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Middle housing bill passes major milestone in Olympia

caption: Seattle has some missing middle housing, but it's not allowed in most parts of the city, whereas Spokane has allowed it everywhere. This example is northwest of Holman Road, in Seattle's Crown Hill neighborhood.
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Seattle has some missing middle housing, but it's not allowed in most parts of the city, whereas Spokane has allowed it everywhere. This example is northwest of Holman Road, in Seattle's Crown Hill neighborhood.
KUOW Photo/Joshua McNichols

Lawmakers advanced a “middle housing” bill out of a key committee this week. It would basically eliminate single-family zones, so that people can build duplexes, fourplexes, and townhomes instead.

The goal of the bill is to bring down the cost of housing by making it easier to build homes.

A townhome, for example, costs less to build than a single-family home, because it’s sitting on a smaller piece of land, and land is expensive.

But most cities have strict limitations on where you can build them. So, competition for townhomes is fierce. That keeps the prices high.

Proponents of the middle housing bill say that once we allow them statewide, we’ll start to see enough supply that buyers will finally see some savings.

People could still build single-family homes, but the bill would lift bans on duplexes, triplexes, and townhomes.

Anna Fahey is with the progressive think tank, Sightline. They’ve been polling voters on the topic.

She said voters have listed homelessness and the housing shortage as their top issues for years.

But the organization's most recent poll, out this week, shows a shift. “What I think is changing is that voters understand the shortage is at the root cause of prices and rents being so high," Fahey said. "They are starting to understand what the mechanisms are that will unleash the housing that people are really hungry for.”

In the new poll, 71% of respondents said they'd support legislation that would eliminate single family zoning in order to promote denser forms of housing like duplexes and small apartment buildings. 61% continued to support the idea even when asked if they'd approve of such housing going up next door to them.

Support for the idea among voters of color was slightly higher than among white voters, and was far higher in cities and suburbs than in rural areas, though even there, a majority supported the idea. Support did not waver when people were presented with arguments both for and against, and even ticked up slightly higher.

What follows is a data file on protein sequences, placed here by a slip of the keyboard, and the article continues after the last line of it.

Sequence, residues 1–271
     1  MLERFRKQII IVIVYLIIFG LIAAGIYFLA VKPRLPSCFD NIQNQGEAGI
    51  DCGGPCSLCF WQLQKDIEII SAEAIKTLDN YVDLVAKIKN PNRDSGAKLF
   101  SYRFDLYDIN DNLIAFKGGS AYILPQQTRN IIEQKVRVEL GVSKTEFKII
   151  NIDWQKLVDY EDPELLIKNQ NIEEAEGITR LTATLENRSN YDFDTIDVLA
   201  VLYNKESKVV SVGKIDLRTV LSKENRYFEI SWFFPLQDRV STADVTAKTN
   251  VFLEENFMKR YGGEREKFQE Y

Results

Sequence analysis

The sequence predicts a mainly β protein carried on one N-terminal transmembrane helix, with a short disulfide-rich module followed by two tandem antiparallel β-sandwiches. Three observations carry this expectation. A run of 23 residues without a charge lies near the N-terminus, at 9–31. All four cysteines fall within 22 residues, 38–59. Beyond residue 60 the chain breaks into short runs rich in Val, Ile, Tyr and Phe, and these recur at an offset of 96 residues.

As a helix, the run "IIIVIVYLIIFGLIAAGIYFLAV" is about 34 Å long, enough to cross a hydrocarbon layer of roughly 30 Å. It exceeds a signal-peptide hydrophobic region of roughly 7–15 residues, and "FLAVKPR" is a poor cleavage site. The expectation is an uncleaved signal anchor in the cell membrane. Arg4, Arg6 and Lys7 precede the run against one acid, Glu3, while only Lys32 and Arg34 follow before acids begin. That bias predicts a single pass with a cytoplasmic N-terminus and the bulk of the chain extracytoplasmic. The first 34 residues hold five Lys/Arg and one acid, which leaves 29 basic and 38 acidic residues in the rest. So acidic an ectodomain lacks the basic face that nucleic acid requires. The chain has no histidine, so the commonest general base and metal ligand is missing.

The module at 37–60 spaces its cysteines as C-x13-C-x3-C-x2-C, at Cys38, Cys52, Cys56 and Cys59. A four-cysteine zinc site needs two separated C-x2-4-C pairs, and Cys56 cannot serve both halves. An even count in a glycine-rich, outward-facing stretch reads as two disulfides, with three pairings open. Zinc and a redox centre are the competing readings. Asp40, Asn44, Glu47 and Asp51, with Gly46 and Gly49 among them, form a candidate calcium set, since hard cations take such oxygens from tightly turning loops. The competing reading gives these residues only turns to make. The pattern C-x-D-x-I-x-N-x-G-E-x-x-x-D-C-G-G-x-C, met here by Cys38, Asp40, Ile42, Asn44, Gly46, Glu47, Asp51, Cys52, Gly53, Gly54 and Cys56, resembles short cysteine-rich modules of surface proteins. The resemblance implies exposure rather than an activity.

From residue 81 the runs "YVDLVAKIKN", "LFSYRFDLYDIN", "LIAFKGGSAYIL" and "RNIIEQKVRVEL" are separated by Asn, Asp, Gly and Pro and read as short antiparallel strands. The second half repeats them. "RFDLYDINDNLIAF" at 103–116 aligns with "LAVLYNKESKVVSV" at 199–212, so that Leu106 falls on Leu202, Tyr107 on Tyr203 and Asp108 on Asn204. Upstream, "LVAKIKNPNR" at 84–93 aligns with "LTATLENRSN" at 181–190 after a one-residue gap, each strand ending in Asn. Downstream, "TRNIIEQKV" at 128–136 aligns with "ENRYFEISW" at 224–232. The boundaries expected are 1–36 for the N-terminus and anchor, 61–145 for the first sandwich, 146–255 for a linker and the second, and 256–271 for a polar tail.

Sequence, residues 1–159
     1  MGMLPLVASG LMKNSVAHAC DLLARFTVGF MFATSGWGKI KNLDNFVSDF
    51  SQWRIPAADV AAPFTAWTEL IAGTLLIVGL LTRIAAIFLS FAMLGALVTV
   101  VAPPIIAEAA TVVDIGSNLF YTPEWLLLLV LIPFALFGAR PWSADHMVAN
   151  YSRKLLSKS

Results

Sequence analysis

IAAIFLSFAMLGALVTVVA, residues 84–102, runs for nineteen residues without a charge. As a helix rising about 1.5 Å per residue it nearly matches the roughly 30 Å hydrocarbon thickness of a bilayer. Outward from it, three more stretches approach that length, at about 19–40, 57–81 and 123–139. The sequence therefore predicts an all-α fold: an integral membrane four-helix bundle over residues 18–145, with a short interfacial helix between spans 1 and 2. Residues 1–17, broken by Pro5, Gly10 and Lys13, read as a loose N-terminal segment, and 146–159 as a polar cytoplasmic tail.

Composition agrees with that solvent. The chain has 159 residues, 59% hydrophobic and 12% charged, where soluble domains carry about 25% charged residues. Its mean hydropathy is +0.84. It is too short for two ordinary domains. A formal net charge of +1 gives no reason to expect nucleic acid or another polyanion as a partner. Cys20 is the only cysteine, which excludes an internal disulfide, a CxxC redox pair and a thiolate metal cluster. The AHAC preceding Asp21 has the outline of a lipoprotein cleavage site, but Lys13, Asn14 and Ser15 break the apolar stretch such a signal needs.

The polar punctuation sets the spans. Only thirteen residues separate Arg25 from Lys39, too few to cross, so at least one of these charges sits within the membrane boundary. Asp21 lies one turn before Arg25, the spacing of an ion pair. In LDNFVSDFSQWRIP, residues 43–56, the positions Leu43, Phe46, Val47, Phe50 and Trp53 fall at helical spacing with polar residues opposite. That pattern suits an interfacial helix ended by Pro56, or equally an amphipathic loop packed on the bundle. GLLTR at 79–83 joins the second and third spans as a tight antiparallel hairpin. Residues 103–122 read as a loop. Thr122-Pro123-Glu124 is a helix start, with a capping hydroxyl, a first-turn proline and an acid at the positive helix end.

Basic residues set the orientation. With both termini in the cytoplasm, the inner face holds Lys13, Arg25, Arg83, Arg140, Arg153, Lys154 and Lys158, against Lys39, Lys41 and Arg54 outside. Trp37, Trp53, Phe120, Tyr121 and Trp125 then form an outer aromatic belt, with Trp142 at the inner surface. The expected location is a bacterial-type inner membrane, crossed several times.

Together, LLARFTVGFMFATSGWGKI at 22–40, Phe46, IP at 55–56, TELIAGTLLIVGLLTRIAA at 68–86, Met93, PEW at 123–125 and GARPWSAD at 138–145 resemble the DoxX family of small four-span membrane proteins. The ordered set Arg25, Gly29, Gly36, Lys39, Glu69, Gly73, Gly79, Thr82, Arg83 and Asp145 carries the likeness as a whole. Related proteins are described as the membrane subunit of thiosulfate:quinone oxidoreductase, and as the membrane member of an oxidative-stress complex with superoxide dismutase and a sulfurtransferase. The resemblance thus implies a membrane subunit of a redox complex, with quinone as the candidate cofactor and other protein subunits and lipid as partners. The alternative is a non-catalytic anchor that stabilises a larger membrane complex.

Finally, when asked about the causes of high home prices, the highest number of people (72%) chose the explanation that a "A shortage of housing makes people compete for what's available, pushing up costs" over competing explanations such as "Modest, older housing that was affordable is being replaced by big, expensive housing" (an explanation favored by 44% of respondents).


ne key hangup for cities in the past has been the proposed elimination of parking requirements.

Backers of the bill made some last-minute concessions on parking to ensure broader support. Now, in neighborhoods without good transit, cities are allowed to require up to two parking stalls per unit, whereas an earlier version of the bill only allowed them to require two parking stalls per lot, which is much fewer.

Another concession seems to be that smaller towns are given some breaks. Towns with populations between 6,000 and 25,000 are now completely exempted [correction: unless these small towns are included in a metro area with a large city like Seattle].

Towns between 25,000 and 75,000 only need to allow four-plexes, not six-plexes as before.

Representatives from Seattle also requested a change to the bill's language that ensures that its Mandatory Housing Affordability program is still allowed. That change is still in the works, Rep. Jessica Bateman (D-Olympia) has said.

The revised bill would require that six-plexes be closer to a broader range of amenities than in the previous version of the bill. It's not just about transit anymore: Six-plexes must also be allowed within half a mile of schools and park entrances.

The bill passed out of the House Housing Committee with bipartisan support from nine representatives, seven Democrats and two Republicans. All three votes against the bill came from Republicans, showing that while most Democrats are united on this issue, there's division among Republicans on whether this bill helps or hamstrings small communities.

Gov. Jay Inslee has said the state needs to triple the amount of housing it allows each year to begin catching up with pent-up demand.

Former Gov. Christine Gregoire told KUOW that, of the many housing bills under consideration, this one is the most important.

But the bill still has a long way to go.

Last year, a similar bill got this far, but failed to achieve enough support to pass in the end.

But the number of housing-related bills making it out of committee during the current legislative session suggests that this year could be different.

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